A beginner's guide to eating more mindfully

It’s about curbing those impulse buys and eating with all your senses

Harper's Bazaar India

A lot has been said about a work-life balance, but actually achieving that is no easy feat. Most of us struggle to find a synergy between the various aspects of our life and this poorly impacts our daily existence. On most days, even a task as important as eating may feel like a mechanical one. It’s either a working lunch where we’re paying less attention to the food and more attention to a task that’s also going on or just eating while watching a TV show that has grabbed our attention, leaving little focus for other things. Found this familiar? Ask yourself when was the last time you sat down and actually paid attention to your meal and appreciated every bite. If you’re drawing a blank, this article is for you.

First things first, remember mindful eating is not a diet. It’s not about losing weight, but about fostering a better relationship with food and your own body. Once you slow down and pay attention to each meal you automatically make healthier choices and start enjoying your food. It also makes you more aware of your body’s hunger and satiety signals and might just help you curb those sneaky, 2 am trips to the fridge.

Scroll down to see how you can incorporate mindful eating in your day.

It begins with your shopping list

It’s time to start fighting that inner child instinct that makes you want to fill your cart with KitKats, Pringles and three tubs of your fave chocolate chip ice cream. So the next time you are out grocery shopping, you need to avoid impulse buys no matter how tempting they seem. Spend most of your time at the fresh produce section and also consider the nutritional value of everything you pick up. Of course, we don’t mean to say that you need to cut out all the junk food, but pre-plan and stagger the mini cheat meals through the month.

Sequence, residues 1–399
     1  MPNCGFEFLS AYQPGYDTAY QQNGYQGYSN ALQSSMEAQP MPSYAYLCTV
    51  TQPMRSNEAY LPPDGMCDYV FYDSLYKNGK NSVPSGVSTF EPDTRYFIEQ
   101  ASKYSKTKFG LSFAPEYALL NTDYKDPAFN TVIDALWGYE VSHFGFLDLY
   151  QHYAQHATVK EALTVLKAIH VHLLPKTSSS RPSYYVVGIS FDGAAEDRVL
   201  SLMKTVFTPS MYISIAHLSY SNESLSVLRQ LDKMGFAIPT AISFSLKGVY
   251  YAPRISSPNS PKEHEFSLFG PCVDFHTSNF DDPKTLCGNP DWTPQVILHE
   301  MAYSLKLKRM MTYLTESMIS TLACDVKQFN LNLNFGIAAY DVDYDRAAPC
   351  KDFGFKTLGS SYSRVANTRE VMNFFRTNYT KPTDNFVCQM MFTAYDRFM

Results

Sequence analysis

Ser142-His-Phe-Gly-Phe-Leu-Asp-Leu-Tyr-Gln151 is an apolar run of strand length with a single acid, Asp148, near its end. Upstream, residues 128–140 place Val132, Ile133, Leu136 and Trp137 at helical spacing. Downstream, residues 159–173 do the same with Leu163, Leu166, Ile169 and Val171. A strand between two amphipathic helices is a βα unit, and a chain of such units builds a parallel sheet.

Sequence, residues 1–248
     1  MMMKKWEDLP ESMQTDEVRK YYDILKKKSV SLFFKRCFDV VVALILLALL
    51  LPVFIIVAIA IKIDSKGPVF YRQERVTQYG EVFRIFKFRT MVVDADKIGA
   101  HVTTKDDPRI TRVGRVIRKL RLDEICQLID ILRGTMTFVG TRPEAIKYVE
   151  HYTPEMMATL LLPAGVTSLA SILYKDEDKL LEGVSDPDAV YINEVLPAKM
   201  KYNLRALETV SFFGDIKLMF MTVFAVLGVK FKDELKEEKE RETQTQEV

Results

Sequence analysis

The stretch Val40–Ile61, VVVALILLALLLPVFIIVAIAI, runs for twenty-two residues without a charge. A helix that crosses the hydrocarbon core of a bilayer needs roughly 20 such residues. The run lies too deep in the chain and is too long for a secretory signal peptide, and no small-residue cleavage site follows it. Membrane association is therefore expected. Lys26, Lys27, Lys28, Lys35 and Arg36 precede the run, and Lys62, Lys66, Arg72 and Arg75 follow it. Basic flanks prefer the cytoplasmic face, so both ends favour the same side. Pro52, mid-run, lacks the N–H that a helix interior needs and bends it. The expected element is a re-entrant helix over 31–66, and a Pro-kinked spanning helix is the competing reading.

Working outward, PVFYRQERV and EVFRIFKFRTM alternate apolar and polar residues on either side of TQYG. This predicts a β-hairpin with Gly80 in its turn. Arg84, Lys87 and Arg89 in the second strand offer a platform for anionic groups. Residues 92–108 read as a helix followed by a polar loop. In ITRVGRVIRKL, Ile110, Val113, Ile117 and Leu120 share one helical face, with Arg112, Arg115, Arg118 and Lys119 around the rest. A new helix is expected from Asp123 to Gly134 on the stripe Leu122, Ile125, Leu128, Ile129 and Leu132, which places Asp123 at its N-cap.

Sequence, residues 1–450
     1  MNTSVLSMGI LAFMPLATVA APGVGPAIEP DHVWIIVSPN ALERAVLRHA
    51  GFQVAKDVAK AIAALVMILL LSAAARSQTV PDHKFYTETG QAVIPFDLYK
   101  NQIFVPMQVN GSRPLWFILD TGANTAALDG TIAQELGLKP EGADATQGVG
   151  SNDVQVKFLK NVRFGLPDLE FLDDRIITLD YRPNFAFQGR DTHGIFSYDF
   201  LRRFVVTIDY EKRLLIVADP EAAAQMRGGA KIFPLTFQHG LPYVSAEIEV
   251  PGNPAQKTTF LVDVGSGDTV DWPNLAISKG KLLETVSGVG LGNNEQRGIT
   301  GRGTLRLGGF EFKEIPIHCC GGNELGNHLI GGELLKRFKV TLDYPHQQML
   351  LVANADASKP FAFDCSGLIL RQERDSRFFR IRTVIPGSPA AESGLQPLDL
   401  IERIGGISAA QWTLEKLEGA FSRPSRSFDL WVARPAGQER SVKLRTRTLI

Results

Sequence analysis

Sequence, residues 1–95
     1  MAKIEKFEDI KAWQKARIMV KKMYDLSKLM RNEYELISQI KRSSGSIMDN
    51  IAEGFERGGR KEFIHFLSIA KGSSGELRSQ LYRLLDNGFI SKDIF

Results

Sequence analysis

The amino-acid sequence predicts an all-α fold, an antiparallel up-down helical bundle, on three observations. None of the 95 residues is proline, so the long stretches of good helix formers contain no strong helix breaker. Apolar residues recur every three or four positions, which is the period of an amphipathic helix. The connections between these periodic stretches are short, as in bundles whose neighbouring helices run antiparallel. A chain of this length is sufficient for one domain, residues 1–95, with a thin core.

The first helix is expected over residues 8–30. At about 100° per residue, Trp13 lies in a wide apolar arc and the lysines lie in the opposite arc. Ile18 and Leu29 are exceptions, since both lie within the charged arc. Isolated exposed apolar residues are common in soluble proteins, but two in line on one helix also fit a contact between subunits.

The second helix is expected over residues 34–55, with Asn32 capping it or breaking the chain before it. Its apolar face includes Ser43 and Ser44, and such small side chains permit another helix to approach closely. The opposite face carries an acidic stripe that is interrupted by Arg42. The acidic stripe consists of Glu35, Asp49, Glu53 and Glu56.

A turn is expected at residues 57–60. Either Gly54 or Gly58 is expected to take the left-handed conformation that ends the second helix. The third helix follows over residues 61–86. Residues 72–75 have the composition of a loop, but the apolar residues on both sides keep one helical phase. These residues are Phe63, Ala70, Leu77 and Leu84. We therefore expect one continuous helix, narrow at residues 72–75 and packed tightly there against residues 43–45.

Understand your hunger, start with a smaller portion

Hunger and appetite are two separate things, but people confuse the two. While hunger is a physiological need, appetite is your body’s desire for food. So when you sit down to eat, try and examine how your body is feeling. Is your body craving food because you’re bored or frustrated or anxious or are you genuinely hungry? Another point to consider is whether have you let your body go too long without food. If you’re ravenously hungry when you sit down at the table, mindful eating is going to go out of the window.

The bottom line is to eat five small meals instead of three big ones. Start with small portions and pay attention to what you’re eating. You can always take as many helpings as you need to fill yourself later.

Eat with all your senses

When you’re attentive to the various flavours in your food and make note of the colours, the aroma and even the sound that it makes when you chew, you begin to feel a deeper appreciation towards your food. Is your meal crunchy? What are some of the seasonings used? How does the texture change as you continue to eat? Ask yourself these questions. Staying in the moment and eating using all your senses is the crux of a mindful eating experience.

Limit your distractions

No matter how tempted you are to put on the TV show you are currently binging while eating dinner, do not do so as it’s a bad idea. In order to fully optimise a mindful eating experience, it’s crucial to keep all electronics aside (yes, you can’t doomscroll or mindlessly look at reels either). Keep all screens aside, sit at the table and just fully immerse yourself in your food to enjoy it the right way.

Slow down

When eating, take smaller bites and chew each well so as to appreciate each morsel. It’s easier to eat mindfully if your mouth isn’t completely full and you’re not just swallowing what’s on the plate. If you still feel like you are extremely hungry and are eating fast, consciously put your spoon or fork down every few minutes, pause and then see how you feel. Going slower will also stop you from over-stuffing yourself.